5.Try to remember questions of at least past 3 years.

Please solve all the previous question papers of prelims. In fact, try and make a good collection of all the mock papers, objective type questions, solve them one by one. Use Internet extensively in this regard, there are very good sources (which are increasing day by day) which provide excellent multiple-choice questions (with trustworthy answers and explanations) that you all could spend time on. At rewise.online you can bookmark the questions that you think are important or difficult and require last minute revision.

6.Proper time management

Manage your time judiciously. Within one month of the preparation, you should be clear about the subjects in which you are good at and those which require improvements. The time should be managed in such a manner that you are able to maintain the edge in the subjects that you are good at and gradually fortify those subjects in which you are weak. Also as per the latest pattern of the exam, a lot of questions are either based directly on the current affairs or on the derivatives of the current affairs. So keep at-least 90 to 120 minutes for brushing up the current affairs. About 20 to 25% of this time should be utilized in revising the previous current affairs and rest 80% on understanding the new ones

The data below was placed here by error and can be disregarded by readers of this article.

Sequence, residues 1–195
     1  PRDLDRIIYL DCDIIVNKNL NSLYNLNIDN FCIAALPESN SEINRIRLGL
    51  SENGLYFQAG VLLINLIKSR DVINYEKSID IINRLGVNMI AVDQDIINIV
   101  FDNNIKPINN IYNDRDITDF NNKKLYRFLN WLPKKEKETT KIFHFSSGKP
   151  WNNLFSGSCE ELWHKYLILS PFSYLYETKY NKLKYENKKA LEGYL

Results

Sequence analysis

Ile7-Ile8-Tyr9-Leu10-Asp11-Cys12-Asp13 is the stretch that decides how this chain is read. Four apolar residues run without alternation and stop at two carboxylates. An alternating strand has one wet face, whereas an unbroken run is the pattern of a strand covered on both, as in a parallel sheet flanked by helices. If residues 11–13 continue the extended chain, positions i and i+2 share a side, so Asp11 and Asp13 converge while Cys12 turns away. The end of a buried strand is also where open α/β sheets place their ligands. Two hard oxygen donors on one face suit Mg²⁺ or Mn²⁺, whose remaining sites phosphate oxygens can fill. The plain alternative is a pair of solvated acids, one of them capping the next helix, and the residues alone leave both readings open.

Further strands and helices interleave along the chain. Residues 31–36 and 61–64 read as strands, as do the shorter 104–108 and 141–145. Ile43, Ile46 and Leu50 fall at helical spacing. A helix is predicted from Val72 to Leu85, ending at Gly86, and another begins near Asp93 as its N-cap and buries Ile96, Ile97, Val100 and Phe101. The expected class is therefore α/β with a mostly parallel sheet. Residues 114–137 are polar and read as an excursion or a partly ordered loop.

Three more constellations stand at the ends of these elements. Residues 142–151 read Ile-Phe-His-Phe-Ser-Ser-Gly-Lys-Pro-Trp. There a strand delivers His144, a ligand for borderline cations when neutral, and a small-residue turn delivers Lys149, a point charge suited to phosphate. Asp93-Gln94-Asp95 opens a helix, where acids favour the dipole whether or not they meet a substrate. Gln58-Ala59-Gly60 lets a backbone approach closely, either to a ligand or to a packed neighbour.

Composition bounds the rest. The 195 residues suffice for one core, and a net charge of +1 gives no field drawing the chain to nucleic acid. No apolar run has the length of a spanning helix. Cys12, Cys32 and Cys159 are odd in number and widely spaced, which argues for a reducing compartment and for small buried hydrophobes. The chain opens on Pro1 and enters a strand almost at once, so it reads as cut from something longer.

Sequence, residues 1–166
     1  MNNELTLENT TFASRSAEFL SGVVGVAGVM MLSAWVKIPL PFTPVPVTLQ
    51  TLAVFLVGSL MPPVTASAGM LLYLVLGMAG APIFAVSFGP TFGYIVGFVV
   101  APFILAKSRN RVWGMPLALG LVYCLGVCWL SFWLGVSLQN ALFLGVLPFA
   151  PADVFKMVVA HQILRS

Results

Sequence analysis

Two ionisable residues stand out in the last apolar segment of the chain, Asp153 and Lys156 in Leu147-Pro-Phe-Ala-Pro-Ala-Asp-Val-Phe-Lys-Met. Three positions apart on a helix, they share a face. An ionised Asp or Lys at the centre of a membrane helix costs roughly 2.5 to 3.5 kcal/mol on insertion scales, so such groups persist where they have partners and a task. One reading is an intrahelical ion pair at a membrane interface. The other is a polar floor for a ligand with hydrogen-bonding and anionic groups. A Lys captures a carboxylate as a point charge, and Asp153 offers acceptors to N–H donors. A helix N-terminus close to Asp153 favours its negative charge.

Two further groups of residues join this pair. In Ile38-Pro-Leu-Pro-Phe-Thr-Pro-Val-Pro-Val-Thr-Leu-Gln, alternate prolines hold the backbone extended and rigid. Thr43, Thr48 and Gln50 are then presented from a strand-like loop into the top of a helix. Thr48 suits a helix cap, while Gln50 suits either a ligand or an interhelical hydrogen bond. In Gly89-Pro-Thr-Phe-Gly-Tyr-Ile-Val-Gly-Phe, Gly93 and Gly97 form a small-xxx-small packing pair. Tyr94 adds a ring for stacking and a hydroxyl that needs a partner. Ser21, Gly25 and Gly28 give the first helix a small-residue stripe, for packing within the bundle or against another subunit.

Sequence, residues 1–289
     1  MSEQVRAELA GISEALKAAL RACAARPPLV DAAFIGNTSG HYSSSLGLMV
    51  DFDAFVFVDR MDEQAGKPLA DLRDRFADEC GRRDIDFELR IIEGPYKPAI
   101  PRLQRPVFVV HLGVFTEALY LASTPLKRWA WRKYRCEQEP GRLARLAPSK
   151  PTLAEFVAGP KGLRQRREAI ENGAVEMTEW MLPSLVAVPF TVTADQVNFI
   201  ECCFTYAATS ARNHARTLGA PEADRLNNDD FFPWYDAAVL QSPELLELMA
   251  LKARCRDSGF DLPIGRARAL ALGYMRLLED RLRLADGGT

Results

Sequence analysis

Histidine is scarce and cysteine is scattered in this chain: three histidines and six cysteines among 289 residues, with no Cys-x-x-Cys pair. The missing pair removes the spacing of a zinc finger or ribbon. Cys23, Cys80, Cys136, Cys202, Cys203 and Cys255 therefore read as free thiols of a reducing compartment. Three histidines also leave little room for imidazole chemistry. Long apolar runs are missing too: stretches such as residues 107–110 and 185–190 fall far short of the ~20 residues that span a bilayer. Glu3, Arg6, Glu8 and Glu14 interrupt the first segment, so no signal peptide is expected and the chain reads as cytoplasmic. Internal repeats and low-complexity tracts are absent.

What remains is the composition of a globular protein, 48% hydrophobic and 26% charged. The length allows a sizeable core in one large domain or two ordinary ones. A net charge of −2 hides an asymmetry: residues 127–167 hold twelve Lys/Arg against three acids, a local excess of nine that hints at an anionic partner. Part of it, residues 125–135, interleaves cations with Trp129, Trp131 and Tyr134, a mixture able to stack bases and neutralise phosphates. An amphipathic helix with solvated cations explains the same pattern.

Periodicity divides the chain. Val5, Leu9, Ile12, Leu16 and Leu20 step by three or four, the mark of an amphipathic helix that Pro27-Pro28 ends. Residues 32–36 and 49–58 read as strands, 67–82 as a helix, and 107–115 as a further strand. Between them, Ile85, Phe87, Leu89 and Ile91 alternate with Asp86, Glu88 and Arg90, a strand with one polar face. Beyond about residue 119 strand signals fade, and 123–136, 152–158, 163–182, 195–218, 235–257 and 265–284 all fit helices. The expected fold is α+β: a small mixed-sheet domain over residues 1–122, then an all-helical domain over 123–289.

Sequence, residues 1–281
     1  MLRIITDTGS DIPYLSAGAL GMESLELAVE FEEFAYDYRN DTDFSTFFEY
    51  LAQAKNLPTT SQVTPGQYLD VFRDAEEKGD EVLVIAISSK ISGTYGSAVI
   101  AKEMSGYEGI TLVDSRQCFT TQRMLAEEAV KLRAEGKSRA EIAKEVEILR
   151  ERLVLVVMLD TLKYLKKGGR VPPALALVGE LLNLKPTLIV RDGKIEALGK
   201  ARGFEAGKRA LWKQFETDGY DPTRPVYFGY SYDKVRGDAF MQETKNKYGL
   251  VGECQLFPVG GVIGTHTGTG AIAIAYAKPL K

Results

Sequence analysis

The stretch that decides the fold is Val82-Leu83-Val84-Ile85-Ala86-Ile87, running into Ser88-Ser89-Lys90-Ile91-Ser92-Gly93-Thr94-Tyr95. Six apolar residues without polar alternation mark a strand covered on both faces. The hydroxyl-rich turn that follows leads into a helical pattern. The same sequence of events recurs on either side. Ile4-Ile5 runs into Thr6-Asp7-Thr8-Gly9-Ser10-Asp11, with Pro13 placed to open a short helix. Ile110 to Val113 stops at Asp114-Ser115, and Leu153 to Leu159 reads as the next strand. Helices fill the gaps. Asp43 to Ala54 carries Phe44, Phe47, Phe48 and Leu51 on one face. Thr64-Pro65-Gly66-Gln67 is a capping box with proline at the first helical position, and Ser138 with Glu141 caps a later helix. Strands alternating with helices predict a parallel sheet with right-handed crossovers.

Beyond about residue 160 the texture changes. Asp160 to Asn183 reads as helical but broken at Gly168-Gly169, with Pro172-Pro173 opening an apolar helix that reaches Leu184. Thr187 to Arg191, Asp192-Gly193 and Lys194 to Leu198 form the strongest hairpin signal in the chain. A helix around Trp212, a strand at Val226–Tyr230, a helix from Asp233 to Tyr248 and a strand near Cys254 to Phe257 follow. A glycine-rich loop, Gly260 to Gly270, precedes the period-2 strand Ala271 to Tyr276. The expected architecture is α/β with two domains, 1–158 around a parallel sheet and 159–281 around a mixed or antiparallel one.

7.Walk a tightrope

UPSC is unpredictable. The trend that it religiously follows is that it is well known to decimate all established trends. Do not plan your preparation on any trend of past few years. Leaving any of the conventional subjects like History, geography, economics, polity or environment is like writing the recipe for the failure. The number of questions from these subjects might vary drastically each year. However, you never know what surprise element UPSC has reserved for the year in which you shall appear. Follow a balance approach.